Confidential Informants in the Malheur Protest Trial
by Shari Dovale
Marcus Mumford argued this week that the prosecution should reveal the names of the 15 Confidential Human Sources (CHS) used by the FBI in the Malheur Protest Trial.
The court contends that there is an initial privilege for the government to withhold identities. However, this contradicts the basic Constitutional right of the defendants to face their accusers.
There are 15 CHS, or confidential informants, and 129 reports from these sources that are in question. The defense received heavily redacted copies of the reports with numbers assigned to each informant and one report being completely blocked out.
Two of the informants have already been named. Mark McConnell was named by Oregon State Police Trooper Jeremiah Beckett during his testimony of the illegal traffic stop that lead to the murder of LaVoy Finicum on January 26th. Terri Linnell, also known as ‘Mama Bear’ at the Malheur Refuge, testified for the defense last week.
It is a concern that the informants actually coerced defendants into committing offenses, and may have taken part in what the government is calling a conspiracy. The court has stated that, “By definition, you cannot be a member of the conspiracy if you are a Confidential Informant.” However, Confidential Informants cannot knowingly break the law.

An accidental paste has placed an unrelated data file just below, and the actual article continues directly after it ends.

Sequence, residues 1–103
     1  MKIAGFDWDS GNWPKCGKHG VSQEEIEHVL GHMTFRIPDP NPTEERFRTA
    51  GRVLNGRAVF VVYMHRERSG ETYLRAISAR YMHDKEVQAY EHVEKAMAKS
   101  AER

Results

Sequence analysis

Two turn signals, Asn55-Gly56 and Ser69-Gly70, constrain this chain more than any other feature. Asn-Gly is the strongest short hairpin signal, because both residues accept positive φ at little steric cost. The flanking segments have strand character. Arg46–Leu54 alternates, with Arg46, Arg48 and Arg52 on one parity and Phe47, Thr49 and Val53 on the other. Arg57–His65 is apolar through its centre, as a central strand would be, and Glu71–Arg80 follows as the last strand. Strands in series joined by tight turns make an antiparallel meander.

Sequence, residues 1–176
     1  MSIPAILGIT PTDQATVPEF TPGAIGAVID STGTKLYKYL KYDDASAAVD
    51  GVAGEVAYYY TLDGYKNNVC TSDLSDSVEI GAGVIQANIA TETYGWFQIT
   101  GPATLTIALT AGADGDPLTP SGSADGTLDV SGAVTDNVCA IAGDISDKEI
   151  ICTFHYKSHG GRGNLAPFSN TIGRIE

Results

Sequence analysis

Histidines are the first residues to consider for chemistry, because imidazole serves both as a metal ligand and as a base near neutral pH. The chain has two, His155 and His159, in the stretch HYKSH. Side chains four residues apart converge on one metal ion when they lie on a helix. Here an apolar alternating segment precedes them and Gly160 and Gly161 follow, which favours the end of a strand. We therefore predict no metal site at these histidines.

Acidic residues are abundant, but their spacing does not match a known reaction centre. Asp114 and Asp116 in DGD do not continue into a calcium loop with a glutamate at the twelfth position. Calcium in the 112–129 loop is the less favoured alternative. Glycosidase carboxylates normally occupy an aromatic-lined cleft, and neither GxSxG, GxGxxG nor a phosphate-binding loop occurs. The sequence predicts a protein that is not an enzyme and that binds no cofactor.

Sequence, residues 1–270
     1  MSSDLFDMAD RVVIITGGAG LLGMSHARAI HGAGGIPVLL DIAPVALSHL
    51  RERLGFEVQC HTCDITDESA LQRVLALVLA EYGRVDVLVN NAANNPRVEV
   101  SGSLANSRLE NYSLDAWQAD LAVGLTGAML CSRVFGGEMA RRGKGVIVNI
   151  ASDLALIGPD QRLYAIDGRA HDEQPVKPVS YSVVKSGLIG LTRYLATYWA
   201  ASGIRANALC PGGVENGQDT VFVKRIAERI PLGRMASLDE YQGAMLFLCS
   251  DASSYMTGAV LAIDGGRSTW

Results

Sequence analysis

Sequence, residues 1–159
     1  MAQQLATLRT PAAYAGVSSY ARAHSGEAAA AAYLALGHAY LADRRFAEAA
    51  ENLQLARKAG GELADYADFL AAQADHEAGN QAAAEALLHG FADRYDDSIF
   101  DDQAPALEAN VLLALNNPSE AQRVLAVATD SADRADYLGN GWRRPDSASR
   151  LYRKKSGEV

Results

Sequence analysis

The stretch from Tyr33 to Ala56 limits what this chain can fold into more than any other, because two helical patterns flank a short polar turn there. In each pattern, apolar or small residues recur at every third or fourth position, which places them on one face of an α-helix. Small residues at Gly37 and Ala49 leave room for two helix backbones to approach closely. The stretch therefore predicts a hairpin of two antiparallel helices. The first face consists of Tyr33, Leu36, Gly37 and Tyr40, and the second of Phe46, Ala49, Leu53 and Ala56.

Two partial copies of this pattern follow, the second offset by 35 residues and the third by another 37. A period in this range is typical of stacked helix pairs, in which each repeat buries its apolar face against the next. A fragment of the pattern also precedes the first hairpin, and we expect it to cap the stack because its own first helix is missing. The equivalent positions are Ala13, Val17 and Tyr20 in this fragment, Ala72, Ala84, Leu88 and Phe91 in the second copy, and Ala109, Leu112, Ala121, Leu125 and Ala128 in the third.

Therefore, with so many informants on the payroll in this case, the defendants should have the opportunity to explore if any of the informants were in a position to take part in this conspiracy.
Not only has there been evidence admitted in this trial that cannot be positively identified as belonging to the defendants, like many of the guns, there have been statements made by the government in which they admit the informants took part in leadership and/or organizational meetings. This puts some major constitutional violations in play.
“Government cannot create the problem and then deny me a solution,” Mumford said.
Added to the problem is that Ryan Bundy filed a motion over a month ago that requested this very information. Judge Anna Brown denied that motion, and only now is explaining to him that he (basically) filed it incorrectly. Ryan is representing himself in this trial.
The defendants are looking to have the names of the informants, as well as the information they relayed and the amounts they were paid, turned over to the defense before the case is completed, expected this week.